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Zoning Occupancy Permits?

Gedunker

Moderating
Staff member
Moderator
Messages
11,209
Points
36
We have had a great deal of difficulty ensuring compliance with BZA/PC stipulations prior to and sometimes post-occupancy. The staff and members are frustrated with various miscreants that never fully comply with imposed conditions. We are the only two planners in a city of 40,000/22 sq. mi., with no Zoning Enforcement officer.

We have been considering using zoning occupancy permits to ensure that stipulations of approval are met prior to occupancy.

I searched this forum and didn't really find anything along these lines. The Building Commissioner will not withhold his CofO if the building has met local/state building codes (he says it is a liability issue for him).

Is anybody out there using them (or something akin)? If, yes, has your expereince been positive, negative, or in-between? Anybody know of any good links I could try?
 

Repo Man

Cyburbian
Messages
2,550
Points
25
After struggling with the Building Inspector issuing occupancy whenever building codes are met without regard to lighting, landscaping, etc. we finally have a system in place that addresses this stuff.

All building permits for commercial properties, no matter how small, are also routed through the Planning Dept. to ensure that the tenant that is doing the work has approvals to even be there.

When a project is approved, I make a memo to the Building Inspector with all of the conditions of approval, this is also sent to the applicant/building owner. When the tenant calls for the final occupancy inspection, I also go to the site to ensure that all of the landscaping is installed, the right building materials have been used, parking lot is laid out as approved, and make sure that all any other conditions of approval are met. If the building inspection concerns are ok, but the Plan Commission conditions are not met, we will issue a conditional occupancy, subject to all items being addressed within 60 days. If it is Nov-March, the landscaping can be delayed with a final install date of May 1.

Our building inspectors are contracted out, so they do what we tell them. I cannot imagine what the liability concerns are if he delays occupancy (or even issues a conditional occupancy permit).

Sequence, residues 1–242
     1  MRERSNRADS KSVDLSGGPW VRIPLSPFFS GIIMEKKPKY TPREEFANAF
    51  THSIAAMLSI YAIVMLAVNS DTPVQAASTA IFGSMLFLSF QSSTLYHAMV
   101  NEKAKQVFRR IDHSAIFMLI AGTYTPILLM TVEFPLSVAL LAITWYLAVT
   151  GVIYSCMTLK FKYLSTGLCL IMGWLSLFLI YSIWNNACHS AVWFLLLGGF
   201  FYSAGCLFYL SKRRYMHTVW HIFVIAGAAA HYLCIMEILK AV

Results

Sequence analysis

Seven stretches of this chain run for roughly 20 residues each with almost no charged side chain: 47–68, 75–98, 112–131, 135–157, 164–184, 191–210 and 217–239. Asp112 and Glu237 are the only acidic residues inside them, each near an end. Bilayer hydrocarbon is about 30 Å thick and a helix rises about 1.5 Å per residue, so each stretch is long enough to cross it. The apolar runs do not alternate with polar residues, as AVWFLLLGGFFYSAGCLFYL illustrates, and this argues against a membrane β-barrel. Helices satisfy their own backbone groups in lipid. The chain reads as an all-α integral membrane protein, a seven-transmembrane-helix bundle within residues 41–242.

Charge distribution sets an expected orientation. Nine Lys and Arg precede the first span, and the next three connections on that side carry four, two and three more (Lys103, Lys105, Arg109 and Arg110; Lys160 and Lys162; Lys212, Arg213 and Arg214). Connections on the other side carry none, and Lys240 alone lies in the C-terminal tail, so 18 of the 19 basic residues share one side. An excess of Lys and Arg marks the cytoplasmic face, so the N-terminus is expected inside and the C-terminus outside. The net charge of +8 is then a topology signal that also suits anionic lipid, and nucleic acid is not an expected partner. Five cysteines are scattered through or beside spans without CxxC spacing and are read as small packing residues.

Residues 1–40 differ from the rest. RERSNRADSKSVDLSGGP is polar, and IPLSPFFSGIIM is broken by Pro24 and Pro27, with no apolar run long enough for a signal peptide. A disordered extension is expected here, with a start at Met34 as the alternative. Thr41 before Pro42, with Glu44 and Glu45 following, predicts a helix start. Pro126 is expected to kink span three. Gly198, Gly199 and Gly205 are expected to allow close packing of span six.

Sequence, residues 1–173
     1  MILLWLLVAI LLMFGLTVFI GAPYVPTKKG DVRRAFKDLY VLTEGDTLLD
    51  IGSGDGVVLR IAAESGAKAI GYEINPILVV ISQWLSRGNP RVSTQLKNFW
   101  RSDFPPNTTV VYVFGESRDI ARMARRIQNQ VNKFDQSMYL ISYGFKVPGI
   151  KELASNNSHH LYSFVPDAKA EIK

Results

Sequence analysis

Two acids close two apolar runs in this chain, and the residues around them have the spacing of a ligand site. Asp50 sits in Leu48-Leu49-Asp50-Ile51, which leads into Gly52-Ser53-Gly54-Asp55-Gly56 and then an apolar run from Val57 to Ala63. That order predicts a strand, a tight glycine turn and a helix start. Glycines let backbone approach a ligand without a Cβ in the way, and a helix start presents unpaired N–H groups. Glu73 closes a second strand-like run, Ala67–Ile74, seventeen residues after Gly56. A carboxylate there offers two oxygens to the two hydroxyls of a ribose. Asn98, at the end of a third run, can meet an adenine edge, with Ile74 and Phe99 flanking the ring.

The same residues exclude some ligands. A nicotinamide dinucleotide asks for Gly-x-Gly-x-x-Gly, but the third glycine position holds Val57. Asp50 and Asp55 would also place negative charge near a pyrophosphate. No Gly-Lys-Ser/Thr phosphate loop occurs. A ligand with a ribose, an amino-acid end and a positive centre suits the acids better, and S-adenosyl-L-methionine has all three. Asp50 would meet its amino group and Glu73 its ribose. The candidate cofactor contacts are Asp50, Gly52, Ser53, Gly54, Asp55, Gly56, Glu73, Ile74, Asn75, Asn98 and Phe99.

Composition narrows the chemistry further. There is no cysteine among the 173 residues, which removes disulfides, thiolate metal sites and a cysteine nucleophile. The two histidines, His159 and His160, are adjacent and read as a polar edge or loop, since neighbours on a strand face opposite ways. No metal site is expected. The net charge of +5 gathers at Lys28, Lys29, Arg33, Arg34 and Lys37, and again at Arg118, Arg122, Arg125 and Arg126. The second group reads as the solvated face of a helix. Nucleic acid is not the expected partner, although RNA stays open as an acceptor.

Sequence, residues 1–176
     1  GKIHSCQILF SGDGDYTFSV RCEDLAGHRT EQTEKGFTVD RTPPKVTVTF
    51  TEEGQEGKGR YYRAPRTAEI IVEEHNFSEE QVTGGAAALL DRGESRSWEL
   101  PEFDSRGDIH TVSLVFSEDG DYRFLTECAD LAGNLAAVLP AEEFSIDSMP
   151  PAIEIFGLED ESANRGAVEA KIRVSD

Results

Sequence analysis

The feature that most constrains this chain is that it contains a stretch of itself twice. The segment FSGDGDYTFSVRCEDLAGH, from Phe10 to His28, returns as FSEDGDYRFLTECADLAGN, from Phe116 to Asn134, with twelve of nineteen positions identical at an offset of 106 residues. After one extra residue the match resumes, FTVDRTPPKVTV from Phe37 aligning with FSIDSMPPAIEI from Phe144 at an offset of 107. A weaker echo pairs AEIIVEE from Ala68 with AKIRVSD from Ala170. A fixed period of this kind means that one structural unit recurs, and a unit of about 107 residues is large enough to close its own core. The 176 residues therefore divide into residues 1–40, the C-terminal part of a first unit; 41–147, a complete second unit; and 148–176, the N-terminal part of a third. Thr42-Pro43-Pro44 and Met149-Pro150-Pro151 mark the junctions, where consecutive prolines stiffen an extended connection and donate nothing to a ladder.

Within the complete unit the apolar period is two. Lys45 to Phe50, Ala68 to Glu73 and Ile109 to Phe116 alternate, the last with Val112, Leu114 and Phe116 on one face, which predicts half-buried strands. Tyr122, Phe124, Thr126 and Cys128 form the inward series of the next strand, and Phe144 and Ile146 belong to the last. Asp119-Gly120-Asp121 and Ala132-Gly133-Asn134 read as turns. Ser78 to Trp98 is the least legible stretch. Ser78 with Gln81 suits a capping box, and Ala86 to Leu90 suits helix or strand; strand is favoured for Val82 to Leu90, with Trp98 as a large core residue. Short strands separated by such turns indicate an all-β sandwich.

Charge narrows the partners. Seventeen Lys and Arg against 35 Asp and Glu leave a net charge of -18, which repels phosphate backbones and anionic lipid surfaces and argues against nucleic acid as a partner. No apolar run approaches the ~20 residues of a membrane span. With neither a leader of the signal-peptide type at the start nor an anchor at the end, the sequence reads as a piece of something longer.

Gedunker

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Messages
11,209
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ZOPs

Repo Man said:
I cannot imagine what the liability concerns are if he delays occupancy (or even issues a conditional occupancy permit).
Thanks,Repo Man you've given me a start. We handle every permit application in the city, including tenant finishes (just to verify that the finish doesn't include a small addition). Volume is somewhere over 600 by-right permits per year. All zoning-related cases tops out about 125 to 150 annually.

The BC says that if he withholds the CofO for non-building issues (e.g., anything outside the footprint of the building) he could be liable for costs associated with those delays. It's a non-starter for me, anyway, as we have never been able to synchronize building and planning.

We have gotten burned for a number of conditional occupancies because we tend not to have the teeth to withdraw the original CofO.
 

NHPlanner

A shadow of my former self
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Moderator
Messages
9,902
Points
38
We simply have a checklist system, where the building inspector will not issue a CO until Fire, DPW, and Planning have signed off.

We do not issue temporary CO's, as we do not have the teeth to pull them. We will allow for a building to be occupied in certain circumstances, like landscaping not being completed, in accordance with this section of our site plan regs:

In circumstances that prevent landscaping to be completed (due to weather conditions or other unique circumstance), the Building Department may issue a certificate of occupancy prior to the completion of landscaping improvements, if agreed upon by the Planning & Public Works Departments, when a bond (see forms available from the Public Works Department) and agreement to complete improvements are placed with the Town. The landscaping shall be completed within 6 months from the issuance of the certificate of occupancy, or the Town shall utilize the bond to contract out the work to complete the improvements as stipulated in the agreement to complete landscaping improvements. No other improvements shall be permitted to bond for their completion for purposes of receiving a certificate of occupancy.
 

Chet

Cyburbian Emeritus
Messages
10,624
Points
34
We pretty much do exactly what Repo and NHP have stated. Plus, we have a change of use inspection requirements, so all new businesses are required to register with the City, and we catch them even if they are not pulling permits.



click here for the form
 

Cardinal

Cyburbian
Messages
10,080
Points
34
I don't deal wth inspections, so I can't be of much help there. With regard to conditional uses, though, we will sometimes grant a conditional use for a specific period, requiring a review in six months, a year, or whatever. These are typically associated with uses such as places serving alchohol (concerns over security, noise, vandalism, etc.), or automotive repair shops (often exceed the number of permitted vehicles in the lot, site maintenance issues, etc.).
 

Gedunker

Moderating
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Moderator
Messages
11,209
Points
36
ZOPs

Thanks, everybody.

Chet: the form looks good, I may modify it for use here. I appreciate it.

NHPlanner: wish we could bond 'em, but that is not permitted here by state statute -- only public improvements can be bonded in Indiana.
 
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